Survey: Majority of Americans Willing to Share Their Most Sensitive Personal Data

Most Americans (58 percent) are willing to allow third parties to collect at least some sensitive personal data, according to a new survey from the Center for Data Innovation.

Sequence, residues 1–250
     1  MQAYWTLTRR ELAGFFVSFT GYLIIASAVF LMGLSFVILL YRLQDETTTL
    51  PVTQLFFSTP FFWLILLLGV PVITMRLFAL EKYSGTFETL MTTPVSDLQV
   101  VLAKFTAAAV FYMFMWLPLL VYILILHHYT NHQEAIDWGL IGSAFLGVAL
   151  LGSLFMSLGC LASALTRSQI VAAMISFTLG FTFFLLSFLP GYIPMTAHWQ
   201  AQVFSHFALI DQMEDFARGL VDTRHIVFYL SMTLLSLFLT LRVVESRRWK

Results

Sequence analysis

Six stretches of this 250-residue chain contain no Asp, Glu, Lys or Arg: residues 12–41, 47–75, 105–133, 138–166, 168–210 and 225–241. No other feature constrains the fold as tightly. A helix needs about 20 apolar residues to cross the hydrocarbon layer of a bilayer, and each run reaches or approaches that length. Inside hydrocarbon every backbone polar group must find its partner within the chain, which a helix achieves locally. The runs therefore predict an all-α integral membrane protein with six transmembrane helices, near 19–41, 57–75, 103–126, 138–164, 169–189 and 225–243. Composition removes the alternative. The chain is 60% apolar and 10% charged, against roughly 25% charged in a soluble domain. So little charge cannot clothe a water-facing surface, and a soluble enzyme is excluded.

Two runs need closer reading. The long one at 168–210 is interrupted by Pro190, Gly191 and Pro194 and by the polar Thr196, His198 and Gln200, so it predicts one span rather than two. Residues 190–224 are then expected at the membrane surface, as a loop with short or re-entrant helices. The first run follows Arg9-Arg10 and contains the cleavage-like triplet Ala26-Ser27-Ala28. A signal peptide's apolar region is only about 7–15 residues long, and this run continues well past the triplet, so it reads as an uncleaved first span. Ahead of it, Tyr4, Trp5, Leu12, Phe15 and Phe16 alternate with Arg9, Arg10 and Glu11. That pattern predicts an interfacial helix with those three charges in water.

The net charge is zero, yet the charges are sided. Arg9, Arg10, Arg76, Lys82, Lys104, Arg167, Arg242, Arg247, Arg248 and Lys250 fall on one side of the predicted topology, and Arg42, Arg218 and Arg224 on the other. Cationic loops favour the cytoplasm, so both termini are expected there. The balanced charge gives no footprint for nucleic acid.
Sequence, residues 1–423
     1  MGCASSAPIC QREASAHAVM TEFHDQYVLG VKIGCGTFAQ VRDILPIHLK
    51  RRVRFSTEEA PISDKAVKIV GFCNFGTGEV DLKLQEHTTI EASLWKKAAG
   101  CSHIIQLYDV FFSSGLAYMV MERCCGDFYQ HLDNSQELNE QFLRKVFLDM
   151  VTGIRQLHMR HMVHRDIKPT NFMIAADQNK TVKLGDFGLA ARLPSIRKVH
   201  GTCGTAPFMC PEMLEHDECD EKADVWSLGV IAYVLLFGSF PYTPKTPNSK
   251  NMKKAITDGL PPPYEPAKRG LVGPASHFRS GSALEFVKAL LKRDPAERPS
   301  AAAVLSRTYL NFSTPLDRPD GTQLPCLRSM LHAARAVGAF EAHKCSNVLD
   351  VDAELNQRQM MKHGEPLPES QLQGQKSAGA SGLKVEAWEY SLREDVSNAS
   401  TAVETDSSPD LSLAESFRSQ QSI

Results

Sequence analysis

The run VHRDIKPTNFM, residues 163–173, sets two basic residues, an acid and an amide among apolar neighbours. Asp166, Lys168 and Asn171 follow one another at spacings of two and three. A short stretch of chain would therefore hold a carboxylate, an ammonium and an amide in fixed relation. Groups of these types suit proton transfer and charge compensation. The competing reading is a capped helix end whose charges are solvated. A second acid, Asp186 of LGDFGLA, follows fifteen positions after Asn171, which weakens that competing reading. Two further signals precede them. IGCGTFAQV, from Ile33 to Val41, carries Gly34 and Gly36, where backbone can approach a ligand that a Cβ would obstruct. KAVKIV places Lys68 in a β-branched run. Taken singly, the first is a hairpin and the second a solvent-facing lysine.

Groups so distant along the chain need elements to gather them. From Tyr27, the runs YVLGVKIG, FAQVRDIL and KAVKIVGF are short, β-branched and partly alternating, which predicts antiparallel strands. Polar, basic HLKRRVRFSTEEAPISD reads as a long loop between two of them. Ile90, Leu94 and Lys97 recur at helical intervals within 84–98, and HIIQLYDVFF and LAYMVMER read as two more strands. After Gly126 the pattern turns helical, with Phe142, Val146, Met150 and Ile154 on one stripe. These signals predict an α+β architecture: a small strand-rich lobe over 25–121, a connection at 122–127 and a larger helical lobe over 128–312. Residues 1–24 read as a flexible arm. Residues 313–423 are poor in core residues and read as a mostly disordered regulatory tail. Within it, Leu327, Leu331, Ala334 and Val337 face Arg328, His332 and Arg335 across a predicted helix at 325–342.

While many surveys measure public opinions on privacy, few ask consumers about their willingness to make tradeoffs, such as sharing certain personal information in exchange for services or benefits they want. In this survey, the Center asked respondents whether they would allow a mobile app to collect their biometrics or location data for purposes such as making it easier to sign into an account or getting free navigational help, and it asked whether they would allow medical researchers to collect sensitive data about their health if it would lead to medical cures for their families or others. Only one-third of respondents (33 percent) were unwilling to let mobile apps collect either their biometrics or location data under any of the described scenarios. And overall, nearly 6 in 10 respondents (58 percent) were willing to let a third party collect at least one piece of sensitive personal data, such as biometric, location, or medical data, in exchange for a service or benefit.